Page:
A Natural History of Rape: Biological Bases of Sexual Coercion is a 2000 book by the biologist Randy Thornhill and the anthropologist Craig T. Palmer, in which the authors argue that evolutionary psychology can account for rape among human beings, maintain that rape is either a behavioral adaptation or a byproduct of adaptive traits such as sexual desire and aggressiveness, and make proposals for preventing rape. They also criticize the assumption that there is a connection between what is naturally selected and what is morally right or wrong, which they refer to as the "naturalistic fallacy", and the idea, popularized by the feminist author Susan Brownmiller in Against Our Will (1975), that rape is an expression of male domination and is not sexually motivated.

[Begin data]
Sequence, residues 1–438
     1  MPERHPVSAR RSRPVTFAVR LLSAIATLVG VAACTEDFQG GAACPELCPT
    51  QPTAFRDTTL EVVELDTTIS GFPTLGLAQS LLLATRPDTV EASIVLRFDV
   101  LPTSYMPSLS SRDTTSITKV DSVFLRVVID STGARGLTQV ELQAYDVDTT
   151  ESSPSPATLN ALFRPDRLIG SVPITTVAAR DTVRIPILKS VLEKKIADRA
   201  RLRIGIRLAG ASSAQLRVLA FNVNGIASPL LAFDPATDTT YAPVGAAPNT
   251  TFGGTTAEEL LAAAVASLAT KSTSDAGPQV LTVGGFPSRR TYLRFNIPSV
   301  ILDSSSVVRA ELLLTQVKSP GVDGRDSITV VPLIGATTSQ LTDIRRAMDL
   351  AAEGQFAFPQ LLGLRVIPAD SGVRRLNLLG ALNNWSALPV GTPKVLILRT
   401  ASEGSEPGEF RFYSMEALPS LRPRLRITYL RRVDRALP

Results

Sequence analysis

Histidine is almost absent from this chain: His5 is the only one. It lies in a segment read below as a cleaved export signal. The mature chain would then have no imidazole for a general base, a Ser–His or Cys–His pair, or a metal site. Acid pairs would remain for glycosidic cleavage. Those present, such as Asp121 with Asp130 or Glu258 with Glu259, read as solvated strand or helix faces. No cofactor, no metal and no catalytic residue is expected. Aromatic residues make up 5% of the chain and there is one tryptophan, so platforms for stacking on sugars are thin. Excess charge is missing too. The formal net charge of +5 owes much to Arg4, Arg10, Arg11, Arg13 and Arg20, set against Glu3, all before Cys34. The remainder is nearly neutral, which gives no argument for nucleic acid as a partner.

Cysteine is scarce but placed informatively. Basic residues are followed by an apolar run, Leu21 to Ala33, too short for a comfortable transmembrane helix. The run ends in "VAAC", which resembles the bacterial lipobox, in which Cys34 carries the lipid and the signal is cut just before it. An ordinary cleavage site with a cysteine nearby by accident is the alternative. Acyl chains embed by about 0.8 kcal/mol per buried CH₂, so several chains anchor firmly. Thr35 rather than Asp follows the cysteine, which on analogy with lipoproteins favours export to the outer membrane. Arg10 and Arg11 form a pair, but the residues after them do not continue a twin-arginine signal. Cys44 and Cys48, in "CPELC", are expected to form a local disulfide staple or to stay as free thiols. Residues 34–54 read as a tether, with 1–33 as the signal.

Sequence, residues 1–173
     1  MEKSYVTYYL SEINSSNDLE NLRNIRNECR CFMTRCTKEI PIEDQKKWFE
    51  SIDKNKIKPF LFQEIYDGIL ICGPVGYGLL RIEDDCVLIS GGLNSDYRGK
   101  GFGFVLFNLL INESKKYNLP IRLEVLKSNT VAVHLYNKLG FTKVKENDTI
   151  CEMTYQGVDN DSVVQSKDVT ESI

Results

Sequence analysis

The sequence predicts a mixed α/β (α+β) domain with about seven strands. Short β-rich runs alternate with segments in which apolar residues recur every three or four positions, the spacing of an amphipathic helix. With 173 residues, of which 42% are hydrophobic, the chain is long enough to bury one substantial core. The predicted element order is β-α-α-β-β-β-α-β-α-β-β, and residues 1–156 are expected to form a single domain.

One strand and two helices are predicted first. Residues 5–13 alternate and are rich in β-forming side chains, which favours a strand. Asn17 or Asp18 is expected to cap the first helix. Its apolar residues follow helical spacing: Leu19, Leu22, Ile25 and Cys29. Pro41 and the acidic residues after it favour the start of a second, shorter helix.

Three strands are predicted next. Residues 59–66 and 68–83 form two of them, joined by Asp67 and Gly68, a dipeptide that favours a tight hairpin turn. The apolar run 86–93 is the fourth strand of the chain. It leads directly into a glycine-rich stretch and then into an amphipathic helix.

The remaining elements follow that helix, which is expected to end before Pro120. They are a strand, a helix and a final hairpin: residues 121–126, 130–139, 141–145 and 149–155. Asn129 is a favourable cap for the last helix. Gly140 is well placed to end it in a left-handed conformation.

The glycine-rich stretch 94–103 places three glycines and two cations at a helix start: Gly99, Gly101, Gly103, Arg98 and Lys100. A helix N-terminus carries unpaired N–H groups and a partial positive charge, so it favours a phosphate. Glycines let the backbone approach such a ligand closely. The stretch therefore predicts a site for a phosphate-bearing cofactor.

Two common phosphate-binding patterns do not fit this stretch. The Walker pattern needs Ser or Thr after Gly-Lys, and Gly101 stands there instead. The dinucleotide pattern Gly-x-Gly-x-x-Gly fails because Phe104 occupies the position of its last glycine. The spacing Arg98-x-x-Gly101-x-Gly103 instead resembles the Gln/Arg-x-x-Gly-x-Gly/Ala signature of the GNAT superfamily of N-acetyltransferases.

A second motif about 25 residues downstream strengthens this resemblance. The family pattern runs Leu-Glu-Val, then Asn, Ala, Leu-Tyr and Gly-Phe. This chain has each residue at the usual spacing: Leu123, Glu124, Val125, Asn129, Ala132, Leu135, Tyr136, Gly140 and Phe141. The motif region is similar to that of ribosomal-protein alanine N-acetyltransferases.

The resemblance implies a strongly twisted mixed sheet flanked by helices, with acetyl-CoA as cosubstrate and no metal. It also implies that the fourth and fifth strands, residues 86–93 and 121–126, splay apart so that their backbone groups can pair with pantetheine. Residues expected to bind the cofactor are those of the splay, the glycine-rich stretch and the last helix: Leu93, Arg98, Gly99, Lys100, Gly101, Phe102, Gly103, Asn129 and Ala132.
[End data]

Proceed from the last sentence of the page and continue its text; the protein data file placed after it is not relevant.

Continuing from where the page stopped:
The book received extensive media coverage following the publication of an extract in The Sciences. It became controversial, received many negative reviews, and was denounced by feminists. Thornhill and Palmer were criticized